Jayne Palmer BSc MNIMH
As a child, my mother used to tell me of the medical uses of some of the wild flowers we used to see when out on country walks. I remember being excited and amazed that these pretty flowers could actually heal you. She in turn got her knowledge from her grandfather who was head gardener at Arundel Castle during the war; his knowledge about plants and Sussex folklore was legendary.
I got my first herb book at the age of 8, but it wasn’t until much later, when I was working at a local wholefood shop, that I thought of taking my passion about herbs to a professional level; up until then I was content with the wonders of home remedies and how they helped my family and friends. Working at the wholefood shop, I found that I could only help people on a basic level from behind a counter. I wanted access to more herbs and to give people extended in-depth consultations to get to the root of their problem.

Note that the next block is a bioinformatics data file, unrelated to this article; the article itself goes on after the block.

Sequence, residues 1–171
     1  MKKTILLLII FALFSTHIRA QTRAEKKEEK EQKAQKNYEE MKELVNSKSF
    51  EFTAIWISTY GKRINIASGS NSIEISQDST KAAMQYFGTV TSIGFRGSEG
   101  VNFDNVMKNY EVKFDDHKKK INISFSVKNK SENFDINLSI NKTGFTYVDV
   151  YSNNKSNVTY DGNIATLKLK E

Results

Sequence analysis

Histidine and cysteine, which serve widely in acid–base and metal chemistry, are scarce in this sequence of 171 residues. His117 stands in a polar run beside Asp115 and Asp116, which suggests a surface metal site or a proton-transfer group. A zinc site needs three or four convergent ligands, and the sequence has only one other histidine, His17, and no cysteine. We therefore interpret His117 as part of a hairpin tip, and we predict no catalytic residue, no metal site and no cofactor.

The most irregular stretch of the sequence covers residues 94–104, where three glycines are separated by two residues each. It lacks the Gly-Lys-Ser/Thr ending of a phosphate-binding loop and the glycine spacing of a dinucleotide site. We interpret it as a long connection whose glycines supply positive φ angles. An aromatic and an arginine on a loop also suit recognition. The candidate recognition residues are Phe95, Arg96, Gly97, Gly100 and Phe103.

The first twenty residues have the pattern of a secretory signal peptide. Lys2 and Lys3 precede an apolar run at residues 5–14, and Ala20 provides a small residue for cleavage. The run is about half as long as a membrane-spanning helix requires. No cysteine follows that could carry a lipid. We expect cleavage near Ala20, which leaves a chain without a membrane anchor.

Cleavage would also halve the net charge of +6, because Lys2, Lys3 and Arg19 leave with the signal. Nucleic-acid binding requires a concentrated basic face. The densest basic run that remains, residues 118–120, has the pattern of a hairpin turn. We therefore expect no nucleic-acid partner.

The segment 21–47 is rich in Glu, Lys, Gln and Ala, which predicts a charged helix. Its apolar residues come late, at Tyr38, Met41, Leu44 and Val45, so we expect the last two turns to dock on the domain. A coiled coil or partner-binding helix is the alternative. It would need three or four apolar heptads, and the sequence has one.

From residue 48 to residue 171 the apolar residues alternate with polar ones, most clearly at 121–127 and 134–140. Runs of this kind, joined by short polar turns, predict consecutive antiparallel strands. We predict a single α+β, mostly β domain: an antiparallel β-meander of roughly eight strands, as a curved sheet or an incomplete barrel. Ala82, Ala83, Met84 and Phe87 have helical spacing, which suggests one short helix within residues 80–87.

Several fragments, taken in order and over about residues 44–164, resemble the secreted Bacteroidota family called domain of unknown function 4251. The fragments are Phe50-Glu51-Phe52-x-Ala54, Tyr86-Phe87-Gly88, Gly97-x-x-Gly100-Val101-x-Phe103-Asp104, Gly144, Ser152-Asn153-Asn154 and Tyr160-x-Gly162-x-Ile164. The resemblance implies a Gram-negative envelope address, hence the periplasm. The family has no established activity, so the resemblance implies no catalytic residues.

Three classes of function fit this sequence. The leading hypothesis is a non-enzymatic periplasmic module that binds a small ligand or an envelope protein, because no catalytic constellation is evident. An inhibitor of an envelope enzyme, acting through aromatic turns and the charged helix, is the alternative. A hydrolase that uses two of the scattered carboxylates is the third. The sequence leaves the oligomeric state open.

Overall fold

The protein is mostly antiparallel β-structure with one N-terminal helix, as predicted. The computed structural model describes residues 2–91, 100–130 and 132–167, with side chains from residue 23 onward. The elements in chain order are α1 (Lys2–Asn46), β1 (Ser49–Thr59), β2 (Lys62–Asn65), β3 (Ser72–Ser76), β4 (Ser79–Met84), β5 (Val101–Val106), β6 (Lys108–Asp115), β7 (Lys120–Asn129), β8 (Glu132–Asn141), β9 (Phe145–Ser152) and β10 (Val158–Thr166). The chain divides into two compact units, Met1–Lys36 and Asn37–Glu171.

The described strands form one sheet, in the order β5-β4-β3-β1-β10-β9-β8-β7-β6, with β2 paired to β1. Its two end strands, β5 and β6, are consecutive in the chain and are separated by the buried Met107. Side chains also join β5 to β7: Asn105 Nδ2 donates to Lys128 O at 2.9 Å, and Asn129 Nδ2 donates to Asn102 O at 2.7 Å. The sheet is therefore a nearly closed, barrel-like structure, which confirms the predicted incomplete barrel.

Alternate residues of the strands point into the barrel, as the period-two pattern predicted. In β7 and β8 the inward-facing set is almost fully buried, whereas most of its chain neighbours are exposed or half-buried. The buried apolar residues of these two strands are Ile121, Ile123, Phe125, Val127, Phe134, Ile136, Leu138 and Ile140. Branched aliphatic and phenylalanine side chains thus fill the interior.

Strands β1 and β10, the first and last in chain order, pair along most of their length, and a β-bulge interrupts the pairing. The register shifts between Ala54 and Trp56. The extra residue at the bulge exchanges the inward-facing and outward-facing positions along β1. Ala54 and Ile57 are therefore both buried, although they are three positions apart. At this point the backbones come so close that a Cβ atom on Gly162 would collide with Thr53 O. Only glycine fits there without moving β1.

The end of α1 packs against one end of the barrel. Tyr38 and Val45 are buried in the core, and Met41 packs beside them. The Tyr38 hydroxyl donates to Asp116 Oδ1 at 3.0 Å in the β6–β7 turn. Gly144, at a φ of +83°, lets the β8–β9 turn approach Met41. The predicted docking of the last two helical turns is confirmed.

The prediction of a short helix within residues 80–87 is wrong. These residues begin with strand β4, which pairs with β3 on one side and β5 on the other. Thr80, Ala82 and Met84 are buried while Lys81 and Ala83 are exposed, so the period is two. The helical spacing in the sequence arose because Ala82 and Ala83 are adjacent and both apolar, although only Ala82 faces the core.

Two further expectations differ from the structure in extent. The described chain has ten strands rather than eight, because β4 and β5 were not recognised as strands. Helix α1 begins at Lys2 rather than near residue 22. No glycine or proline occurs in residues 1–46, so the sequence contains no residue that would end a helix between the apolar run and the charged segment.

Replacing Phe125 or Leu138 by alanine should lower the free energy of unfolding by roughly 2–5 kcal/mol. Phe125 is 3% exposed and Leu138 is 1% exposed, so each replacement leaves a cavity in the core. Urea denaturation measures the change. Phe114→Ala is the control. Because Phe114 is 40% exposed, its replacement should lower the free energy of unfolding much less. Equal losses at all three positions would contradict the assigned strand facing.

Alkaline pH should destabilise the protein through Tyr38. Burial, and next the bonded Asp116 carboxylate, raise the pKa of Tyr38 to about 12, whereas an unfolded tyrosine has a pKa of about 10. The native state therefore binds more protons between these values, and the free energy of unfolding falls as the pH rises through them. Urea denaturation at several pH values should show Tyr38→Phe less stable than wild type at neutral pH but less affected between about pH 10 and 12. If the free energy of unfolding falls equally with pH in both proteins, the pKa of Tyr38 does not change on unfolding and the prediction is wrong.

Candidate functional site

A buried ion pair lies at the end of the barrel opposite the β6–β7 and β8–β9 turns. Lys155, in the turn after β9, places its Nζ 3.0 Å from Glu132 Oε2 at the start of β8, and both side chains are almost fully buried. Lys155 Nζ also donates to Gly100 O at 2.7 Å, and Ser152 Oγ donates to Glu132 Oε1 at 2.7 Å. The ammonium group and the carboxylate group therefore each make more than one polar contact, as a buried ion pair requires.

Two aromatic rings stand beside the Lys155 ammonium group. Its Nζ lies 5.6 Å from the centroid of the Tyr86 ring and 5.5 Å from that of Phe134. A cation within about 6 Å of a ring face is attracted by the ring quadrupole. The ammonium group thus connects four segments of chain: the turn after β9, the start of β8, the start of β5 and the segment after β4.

In 1998 I started at the School of Phytotherapy founded by Hein H Zeylstra, who, along with other members of the national institute of medical herbalists, brought herbal medicine out of the realms of folklore and placed it firmly amongst the sciences with extensive research and in-depth education. I didn’t realise at the time, but the degree I started was the first ever degree designed for Phytotherapy.
While training, I worked at Ottery Wholefoods where I was given a position as herbal advisor. I also gave talks on medicinal herbs to various groups and led herb walks which I still do today.
I set up my own practice once I qualified and also worked for NHS Direct as a health advisor. Six years ago I took a job at Honiton Surgery as health care assistant and a couple of years later I was promoted to Lead Health Care Assistant. Here, I work along side GPs, working my own clinics where I perform clinical tests and give health advice to a wide range of people. As a herbalist and primary care worker, I can give my patients the advantage of treatment and advice which I have gained from both professions.